In the fall of 1970 I was 10 years old, a bit precocious to be devouring the Top 40 as obsessively as I did, but 10 years old nevertheless, and with the taste of a 10-year-old kid. And so my first favorite songs were light and happy and catchy and easy to sing. And that made me, and people like me, the prime target for a new TV show that hit the air for the first time 40 years ago today: The Partridge Family. For many boys of the ’70s, Shirley Jones would become their first MILF, and for many girls, David Cassidy would be their first celebrity love. And 40 years later, much of the music featured on the show still sounds mighty good.

And why shouldn’t it? The Partridge Family’s recordings were made by the group of Los Angeles session musicians known as the Wrecking Crew, the most celebrated studio group this side of the Funk Brothers, featuring Hal Blaine, Tommy Tedesco, Larry Knechtel, Carol Kaye, and others. Most of the other voices on the records were provided by the Ron Hicklin Singers, whose voices you have heard hundreds of times on hit songs, movie soundtracks, TV themes, commercials, and radio jingles. Jones and Cassidy were the only cast members to sing on the records, and Cassidy’s participation wasn’t part of the original plan. Early in the first season, he persuaded producer Wes Farrell to let him sing, and he became a teen idol as a result.

In honor of the anniversary, here’s one fan’s top five Partridge Family songs. Turn up your speakers until you can smell the polyester.

1. “I’ll Meet You Halfway”
The group’s third single, arriving in the spring of 1971, and the first cut on Up to Date, the group’s second album. It features Blaine on drums and Mike Melvoin on piano, and was written by Farrell and Gerry Goffin. And it’s beautiful.


The fade of “I’ll Meet You Halfway” is the best moment the Partridge Family ever had on a record. It’s the “Hey Jude” of bubblegum. (What, too much?)

2. “It’s One of Those Nights (Yes Love)”
The group’s fifth single, out at Christmas 1971, from the fourth Partridge album released that year. This thing is positively elegant, considering who we’re talking about.


Part of the appeal of The Partridge Family to teens and tweens (though the latter category didn’t exist as a marketing tool just yet) had to be the image of being a star and singing to the cute boy or girl in the audience, or being the cute boy or girl in the audience who’s being sung to.

3. “I Think I Love You”
The single that started the earthquake. A couple of years ago in another Popdose post, I described the song and the episode it came from like this:

In “My Son, the Feminist,” the December 11, 1970, episode of The Partridge Family, Keith’s girlfriend wants the band to perform at her women’s lib rally. The family is skeptical, but when a group of hostile, anti-lib parents threatens to run them out of town, Mother Partridge says “screw you” [loose translation] and the family decides to perform. The appearance nearly doesn’t come off when the hostile parents storm the psychedelic tour bus, and Keith’s girlfriend announces that the band has to sing “women’s liberation songs” — grim, unshaven-armpit agit-prop [loose translation] — but after threatening to quit, a rebellious Keith says goddammit [loose translation], the show must go on, and the family kicks into a song the girlfriend considers exploitative and demeaning to women: “I Think I Love You.” Lo, its powerful bubblegummy mojo wins over the girlfriend, the hostile parents, the school principal, and even Mr. Kincaid, and they all live happily until the next week’s episode. As well they might have: On the night “My Son, the Feminist” aired on ABC, “I Think I Love You” had already spent three weeks at Number One.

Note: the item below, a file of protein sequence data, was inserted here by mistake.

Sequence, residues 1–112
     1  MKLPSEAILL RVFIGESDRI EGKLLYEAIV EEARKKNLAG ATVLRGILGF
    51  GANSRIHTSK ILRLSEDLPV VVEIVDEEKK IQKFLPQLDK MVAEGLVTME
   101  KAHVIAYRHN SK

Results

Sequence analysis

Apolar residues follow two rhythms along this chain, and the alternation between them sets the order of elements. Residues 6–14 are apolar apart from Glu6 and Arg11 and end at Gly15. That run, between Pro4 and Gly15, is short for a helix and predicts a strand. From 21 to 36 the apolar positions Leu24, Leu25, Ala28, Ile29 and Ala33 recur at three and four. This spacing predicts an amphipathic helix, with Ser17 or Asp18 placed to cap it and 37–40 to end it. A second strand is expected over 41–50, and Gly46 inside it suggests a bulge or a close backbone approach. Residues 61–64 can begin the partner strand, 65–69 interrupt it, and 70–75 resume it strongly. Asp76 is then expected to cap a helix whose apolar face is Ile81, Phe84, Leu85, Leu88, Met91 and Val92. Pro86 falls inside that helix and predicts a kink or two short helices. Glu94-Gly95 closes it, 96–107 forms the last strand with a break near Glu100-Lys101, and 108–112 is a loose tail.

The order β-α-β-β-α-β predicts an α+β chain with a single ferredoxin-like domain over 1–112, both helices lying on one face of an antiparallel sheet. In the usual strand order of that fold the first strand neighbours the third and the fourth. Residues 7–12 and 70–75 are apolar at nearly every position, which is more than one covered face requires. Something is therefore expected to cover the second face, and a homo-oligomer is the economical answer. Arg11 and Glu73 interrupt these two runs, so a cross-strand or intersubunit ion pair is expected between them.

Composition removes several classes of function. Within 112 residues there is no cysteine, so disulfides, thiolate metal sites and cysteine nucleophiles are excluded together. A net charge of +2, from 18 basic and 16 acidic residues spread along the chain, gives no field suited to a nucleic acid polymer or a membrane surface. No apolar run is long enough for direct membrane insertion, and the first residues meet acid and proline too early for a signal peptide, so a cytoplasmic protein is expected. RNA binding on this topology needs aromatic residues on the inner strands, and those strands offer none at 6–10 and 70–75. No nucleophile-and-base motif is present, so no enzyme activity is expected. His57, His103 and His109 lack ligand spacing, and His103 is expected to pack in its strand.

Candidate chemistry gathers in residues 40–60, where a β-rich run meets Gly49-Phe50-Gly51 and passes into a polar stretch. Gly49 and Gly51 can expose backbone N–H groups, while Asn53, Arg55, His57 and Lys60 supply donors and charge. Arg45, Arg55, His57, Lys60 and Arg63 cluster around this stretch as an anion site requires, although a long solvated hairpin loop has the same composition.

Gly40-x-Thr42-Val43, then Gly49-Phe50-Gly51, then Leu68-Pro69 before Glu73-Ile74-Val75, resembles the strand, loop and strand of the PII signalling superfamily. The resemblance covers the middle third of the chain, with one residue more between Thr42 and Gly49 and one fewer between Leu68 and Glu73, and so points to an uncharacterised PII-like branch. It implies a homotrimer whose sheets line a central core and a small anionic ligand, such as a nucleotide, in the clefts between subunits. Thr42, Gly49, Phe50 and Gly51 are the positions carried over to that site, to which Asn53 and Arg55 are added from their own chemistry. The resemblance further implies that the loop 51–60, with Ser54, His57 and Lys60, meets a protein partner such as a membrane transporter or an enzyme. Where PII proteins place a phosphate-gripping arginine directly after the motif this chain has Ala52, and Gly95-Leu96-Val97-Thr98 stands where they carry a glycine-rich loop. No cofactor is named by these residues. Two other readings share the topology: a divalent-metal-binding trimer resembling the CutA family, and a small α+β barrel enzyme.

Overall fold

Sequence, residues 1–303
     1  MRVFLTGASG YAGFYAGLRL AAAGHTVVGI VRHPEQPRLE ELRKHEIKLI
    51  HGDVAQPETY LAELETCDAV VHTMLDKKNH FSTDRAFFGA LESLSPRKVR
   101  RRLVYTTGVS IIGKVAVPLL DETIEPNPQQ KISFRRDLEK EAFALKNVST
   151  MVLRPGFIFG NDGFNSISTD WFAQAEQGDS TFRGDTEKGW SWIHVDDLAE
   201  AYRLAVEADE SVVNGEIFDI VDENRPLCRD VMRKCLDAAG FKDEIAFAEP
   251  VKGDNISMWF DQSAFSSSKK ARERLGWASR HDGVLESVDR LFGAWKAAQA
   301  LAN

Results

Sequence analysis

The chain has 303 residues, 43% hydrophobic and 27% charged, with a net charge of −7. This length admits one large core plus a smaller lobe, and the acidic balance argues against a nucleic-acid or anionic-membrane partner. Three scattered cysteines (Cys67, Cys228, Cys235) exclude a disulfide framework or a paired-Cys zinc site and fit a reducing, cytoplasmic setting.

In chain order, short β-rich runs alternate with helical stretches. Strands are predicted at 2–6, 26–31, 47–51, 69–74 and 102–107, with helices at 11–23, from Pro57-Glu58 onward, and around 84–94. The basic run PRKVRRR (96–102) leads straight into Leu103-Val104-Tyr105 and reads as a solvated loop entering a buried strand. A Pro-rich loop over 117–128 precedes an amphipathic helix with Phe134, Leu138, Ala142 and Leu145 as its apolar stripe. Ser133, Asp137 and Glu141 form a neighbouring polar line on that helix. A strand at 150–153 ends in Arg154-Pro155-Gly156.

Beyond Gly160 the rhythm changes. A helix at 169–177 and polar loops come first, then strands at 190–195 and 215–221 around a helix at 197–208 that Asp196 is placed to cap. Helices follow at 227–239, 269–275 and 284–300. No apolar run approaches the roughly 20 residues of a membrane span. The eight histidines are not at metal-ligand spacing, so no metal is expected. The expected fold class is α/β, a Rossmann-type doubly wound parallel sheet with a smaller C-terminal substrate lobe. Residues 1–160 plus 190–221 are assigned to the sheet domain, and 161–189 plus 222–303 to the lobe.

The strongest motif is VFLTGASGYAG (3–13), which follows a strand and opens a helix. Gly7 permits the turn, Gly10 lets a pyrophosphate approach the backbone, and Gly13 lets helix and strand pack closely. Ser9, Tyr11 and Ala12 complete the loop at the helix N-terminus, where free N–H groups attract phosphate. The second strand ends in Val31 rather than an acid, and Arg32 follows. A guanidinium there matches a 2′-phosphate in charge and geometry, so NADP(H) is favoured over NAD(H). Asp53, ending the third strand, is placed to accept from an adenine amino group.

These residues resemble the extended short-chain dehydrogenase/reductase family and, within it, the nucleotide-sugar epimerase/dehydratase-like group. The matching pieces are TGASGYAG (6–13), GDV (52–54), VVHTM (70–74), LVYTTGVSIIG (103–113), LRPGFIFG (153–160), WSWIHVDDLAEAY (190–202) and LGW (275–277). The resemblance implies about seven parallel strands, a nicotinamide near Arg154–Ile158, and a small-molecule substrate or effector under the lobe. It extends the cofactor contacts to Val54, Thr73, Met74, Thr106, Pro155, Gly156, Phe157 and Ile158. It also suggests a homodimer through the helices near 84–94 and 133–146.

Probably the greatest harpsichord solo in top 40 history, too.

4. “Summer Days”
A monstrous hook-fest, and a cut from Sound Magazine, the Partridge album to buy if you’re only buying one that’s not a greatest-hits album. It features only one big single, “I Woke Up in Love This Morning,” but has a number of strong cuts that would have made better singles than that, including “One Night Stand” (see below), “Echo Valley 2-6809,” co-written by Rupert Holmes (and isn’t that obvious once you know it?), and “Rainmaker,” co-written by Farrell, Jim Cretecos, and future Bruce Springsteen manager Mike Appel.


Where did they stash the horn section on that stage?

5. “One Night Stand”
Another one never released as a single, co-written by Farrell and Paul Anka. All you really need to know about the Partridge Family comes around the 2:35 mark, where the family busts out a series of “doo-doo-doo”s at the point where other bands might put in a guitar solo.


Although the group was a hitmaking machine for only about a year, from late 1970 through early ’72, the show stayed on the air through the end of the 1973-’74 TV season, four seasons in all. All four have been released on DVD. I confess I haven’t rented all of them and hunkered down for a weekend’s viewing, partly because what I remember of these shows from syndication and more recent online viewing is that as drama, episodes of The Partridge Family don’t hold up particularly well. They often play like typical cheesy ’70s sitcom fare, with obvious jokes and predictable plots, slathered with the not-found-in-nature colors so popular back then. But damn, in the kid world of 1970, The Partridge Family was it. And 40 years later, a lot of the music still is.

About the Author

J.A. Bartlett

Writer, raconteur, radio geek, beer snob. There's more of this pondwater at

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